Daily Shorts: Swiss town gets 100% RE capacity, Germany’s getting an 800 MW hydrogen power plant and more
Switzerland has installed six wind turbines in the town of Sainte-Croix along its French border, giving it enough capacity to meet the town's energy needs through renewable sources. The turbines, assembled by Germany's Enercon, will be operated by Swiss utility Romande Energie. The neutral nation has less than 50 wind turbines overall, with locals opposing installation since they can lower property values.
German utility RWE is setting up an 800-megawatt hydrogen power plant on an existing site, as part of its plan to replace coal-fired plants with cleaner generation sources and other efforts to go green. Spain's Tecnicas Reunidas will handle the approvals, which could take two years, as well as equipment and construction. The plant will use Italian company Ansaldo Energia's GT36 turbine, which can generate power from a 50:50 hydrogen-natural gas mix and go up to 100 percent hydrogen. Construction could start in 2025 and take up to 40 months.
Electricity demand in Texas hit another record high on Monday as a heatwave boosted cooling demands. Consumption touched 83,047 megawatts (MW), topping the 82,592 MW figure recorded on July 18. This was the sixth time the state hit a new high, but the main grid operator ERCOT said another one could be in the offing: it is forecasting demand of 84,332 MW for Tuesday. Energy wise, 1 MW of electricity a day can power 1,000 typical US homes, but only 200 Texas homes.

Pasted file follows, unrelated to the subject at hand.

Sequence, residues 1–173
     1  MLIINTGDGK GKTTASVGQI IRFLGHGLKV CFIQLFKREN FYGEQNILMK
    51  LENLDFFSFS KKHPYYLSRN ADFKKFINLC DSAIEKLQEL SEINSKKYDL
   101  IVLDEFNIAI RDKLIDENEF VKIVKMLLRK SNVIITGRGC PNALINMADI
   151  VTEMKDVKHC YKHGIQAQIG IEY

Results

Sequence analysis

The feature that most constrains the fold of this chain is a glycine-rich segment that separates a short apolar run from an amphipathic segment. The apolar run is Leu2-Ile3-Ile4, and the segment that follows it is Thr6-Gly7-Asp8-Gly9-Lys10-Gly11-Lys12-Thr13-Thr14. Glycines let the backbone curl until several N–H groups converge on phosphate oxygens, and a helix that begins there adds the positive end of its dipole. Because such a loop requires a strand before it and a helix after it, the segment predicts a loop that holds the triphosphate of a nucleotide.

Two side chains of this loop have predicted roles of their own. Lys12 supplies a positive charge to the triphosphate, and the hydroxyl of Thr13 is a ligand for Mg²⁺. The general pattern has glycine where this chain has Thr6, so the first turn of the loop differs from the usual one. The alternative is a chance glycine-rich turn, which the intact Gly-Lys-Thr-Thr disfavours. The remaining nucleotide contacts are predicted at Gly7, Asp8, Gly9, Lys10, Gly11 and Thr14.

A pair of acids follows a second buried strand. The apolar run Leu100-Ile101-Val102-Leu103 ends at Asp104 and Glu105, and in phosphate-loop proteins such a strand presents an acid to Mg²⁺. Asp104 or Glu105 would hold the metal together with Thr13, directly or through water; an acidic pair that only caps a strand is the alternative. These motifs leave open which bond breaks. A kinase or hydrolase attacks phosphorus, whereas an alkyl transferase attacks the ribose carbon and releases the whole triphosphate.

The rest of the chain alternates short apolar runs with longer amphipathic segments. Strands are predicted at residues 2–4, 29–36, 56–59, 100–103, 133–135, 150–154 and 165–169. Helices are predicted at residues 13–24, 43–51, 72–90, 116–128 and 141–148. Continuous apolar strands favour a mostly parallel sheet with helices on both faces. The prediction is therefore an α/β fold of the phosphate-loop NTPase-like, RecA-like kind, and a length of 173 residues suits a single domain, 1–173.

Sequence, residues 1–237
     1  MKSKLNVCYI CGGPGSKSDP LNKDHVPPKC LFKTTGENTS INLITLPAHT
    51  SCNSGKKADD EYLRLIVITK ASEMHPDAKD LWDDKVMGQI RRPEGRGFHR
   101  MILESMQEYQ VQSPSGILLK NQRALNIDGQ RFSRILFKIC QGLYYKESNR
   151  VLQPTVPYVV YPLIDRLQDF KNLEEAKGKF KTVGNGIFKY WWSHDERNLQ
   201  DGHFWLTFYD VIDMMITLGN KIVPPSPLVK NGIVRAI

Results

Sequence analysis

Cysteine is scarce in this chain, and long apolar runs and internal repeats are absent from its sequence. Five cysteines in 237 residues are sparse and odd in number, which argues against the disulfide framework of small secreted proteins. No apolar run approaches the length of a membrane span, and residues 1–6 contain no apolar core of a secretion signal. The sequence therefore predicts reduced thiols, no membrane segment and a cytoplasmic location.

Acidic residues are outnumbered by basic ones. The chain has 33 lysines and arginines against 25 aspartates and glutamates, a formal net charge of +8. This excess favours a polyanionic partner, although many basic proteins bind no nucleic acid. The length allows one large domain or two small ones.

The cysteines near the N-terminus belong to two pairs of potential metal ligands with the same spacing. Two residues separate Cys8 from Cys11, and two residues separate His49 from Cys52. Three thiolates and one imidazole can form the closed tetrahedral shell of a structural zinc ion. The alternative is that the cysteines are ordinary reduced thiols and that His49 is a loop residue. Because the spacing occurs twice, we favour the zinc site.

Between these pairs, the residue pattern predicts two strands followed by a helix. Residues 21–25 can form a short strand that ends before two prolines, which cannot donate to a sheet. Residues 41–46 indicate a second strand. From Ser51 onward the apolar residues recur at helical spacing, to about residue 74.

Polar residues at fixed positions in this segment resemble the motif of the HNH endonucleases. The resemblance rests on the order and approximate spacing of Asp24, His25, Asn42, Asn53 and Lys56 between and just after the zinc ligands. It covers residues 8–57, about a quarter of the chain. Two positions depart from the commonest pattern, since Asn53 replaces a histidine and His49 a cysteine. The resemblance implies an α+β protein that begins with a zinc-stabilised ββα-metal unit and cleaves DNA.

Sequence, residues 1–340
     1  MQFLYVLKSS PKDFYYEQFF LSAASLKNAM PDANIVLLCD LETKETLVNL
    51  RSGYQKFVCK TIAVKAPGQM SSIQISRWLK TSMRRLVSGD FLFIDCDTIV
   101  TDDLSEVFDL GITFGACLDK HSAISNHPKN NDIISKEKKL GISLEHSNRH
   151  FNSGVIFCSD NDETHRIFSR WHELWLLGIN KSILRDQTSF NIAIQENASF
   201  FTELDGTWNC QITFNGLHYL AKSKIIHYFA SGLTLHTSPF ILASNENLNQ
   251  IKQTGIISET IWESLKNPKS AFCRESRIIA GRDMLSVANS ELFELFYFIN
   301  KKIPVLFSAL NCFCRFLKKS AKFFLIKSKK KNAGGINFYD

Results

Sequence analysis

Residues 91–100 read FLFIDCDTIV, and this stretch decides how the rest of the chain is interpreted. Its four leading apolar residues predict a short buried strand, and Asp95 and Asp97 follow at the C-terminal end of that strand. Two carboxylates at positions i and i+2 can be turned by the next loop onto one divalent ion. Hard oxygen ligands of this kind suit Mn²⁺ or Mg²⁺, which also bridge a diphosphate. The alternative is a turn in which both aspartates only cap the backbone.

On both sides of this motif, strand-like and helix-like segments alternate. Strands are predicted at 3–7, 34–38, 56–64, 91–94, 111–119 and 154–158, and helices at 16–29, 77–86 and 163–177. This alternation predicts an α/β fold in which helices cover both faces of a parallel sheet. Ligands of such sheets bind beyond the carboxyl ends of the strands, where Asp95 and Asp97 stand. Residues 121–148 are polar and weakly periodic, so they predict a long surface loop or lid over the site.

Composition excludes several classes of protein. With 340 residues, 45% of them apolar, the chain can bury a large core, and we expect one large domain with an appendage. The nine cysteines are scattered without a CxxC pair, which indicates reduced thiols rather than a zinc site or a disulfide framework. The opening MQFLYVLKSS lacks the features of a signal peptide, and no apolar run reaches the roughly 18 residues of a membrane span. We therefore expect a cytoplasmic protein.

Chinese EV company Zhejiang Leapmotor unveiled a new vehicle platform and said it could license the same to other companies. CEO Zhu Jiangming said Leapmotor was in advanced talks with two foreign manufacturers, and there was the possibility of rebadged Leapmotor models overseas. The platform, developed in-house, has integrated computing which can control autonomous driving and offers smart cockpit capability. Like other EV makers, Leapmotor has been burnt by Tesla's price war. The company sold 44,500 units in the first six months of 2023, about 14 percent fewer than last year.